Ferraro’s also still “too small.” He’s certainly well-conditioned, but at 19 years of age and with only one WHL season’s worth of eligibility left, he needs to put more muscle on his very narrow frame and must make sure that, as a slightly smaller forward, he has the upper-body strength to not get overpowered in battles for the puck. He needs to become Pavel Datsyuk-strong up top if he wants to be able to stickhandle, dangle and dazzle on a regular basis as a professional hockey player.
The other concern I have with Landon is that, because he’s Ray Ferraro’s son and Cammi Granato’s stepson, he can register high on the, “I’m going to tell you what you want to hear and throw ten clichés your way until you go away” meter when talking to the media, and I hope that doesn’t extend to his self-assessments or the ways in which he addresses his coaches. Ferraro can be refreshingly frank, honest, insightful, and illustrate his tremendous level of intelligence on a regular basis, or he can tell you what you want to hear because he’s grown up with microphones, sound recorders and cameras in his face because of both his heritage and his own talent.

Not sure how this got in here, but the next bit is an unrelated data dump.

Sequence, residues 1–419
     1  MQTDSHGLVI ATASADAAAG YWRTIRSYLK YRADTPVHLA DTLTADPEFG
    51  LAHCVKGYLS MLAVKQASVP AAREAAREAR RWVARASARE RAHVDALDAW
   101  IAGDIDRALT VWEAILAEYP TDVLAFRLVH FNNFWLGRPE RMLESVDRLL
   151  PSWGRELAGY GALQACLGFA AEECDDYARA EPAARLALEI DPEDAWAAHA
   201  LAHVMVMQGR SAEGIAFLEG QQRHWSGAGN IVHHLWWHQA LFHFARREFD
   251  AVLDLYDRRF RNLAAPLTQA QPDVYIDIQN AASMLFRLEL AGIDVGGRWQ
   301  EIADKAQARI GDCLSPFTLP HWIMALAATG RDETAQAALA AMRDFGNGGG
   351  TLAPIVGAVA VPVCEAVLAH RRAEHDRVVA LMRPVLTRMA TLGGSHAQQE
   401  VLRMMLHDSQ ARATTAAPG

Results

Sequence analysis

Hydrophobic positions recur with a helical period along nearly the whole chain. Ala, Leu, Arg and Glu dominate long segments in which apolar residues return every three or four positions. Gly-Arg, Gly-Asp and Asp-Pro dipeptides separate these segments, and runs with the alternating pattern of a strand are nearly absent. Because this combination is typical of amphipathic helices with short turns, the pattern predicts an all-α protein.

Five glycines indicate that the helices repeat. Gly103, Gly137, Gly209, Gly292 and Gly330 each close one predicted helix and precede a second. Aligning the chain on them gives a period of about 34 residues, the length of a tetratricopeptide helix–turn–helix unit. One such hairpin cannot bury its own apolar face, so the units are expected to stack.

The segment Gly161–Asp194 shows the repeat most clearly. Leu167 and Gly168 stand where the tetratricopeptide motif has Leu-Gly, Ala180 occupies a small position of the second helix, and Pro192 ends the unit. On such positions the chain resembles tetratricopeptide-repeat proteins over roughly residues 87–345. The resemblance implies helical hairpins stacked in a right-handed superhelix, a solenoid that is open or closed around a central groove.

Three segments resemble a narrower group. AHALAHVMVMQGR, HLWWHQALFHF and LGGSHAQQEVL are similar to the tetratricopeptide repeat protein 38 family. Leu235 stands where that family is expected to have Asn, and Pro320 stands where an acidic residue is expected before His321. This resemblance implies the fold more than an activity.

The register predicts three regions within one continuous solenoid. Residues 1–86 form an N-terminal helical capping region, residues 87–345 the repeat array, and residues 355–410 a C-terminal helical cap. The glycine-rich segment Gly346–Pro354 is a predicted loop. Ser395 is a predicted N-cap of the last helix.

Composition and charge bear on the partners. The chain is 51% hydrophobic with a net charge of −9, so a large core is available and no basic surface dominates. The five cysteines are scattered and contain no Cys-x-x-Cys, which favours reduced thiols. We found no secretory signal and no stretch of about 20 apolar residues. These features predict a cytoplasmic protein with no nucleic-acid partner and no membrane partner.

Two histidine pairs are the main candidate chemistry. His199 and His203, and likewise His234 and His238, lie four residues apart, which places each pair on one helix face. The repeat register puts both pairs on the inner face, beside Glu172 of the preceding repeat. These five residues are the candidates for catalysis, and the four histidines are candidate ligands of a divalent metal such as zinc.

In the end, when I could get him to talk about his stick because, put simply, I’m a hockey nerd and he’s a hockey nerd when it comes to equipment, too, I was very happy to find and am very happy to report that Ferraro’s just as polite, glib and down-to-earth as his learnedly polished media appearance would indicate, and he’s also a regular young man who loves playing hockey and finds it really annoying when he has to bum sticks off friends and look for stuff online because an equipment company stopped making a stick that was perfect for him.
But he’s got to keep being himself, and especially if he gets traded to a big market like Vancouver, his de-facto hometown, he’s got a task in front of him in keeping his head on straight.
Potential “upside”: At the very least, Ferraro will be signed by the Red Wings sometime this season and might have a few difficult years in Grand Rapids, adjusting to the physicality of “playing alongside men” in the AHL while slowly and surely finding his identity and reestablishing himself as a scoring forward, encountering Jimmy Howard-like ups and downs before coming up to the NHL three to five years from now and at least becoming a solid two-way forward with some offensive upside, kind of like Dan Cleary, except as a center. At the upper end of the spectrum, Ferraro’s a 20-goal-scorer and 50-60 point-producing two-way center, if not a 30-goal-scorer if he’s utilized in a strictly offensive role on the wing. He really is that good. He just has to keep getting stronger, find his self-confidence again, and not let it go to his head as he sticks it out, literally and figuratively, at the WHL level.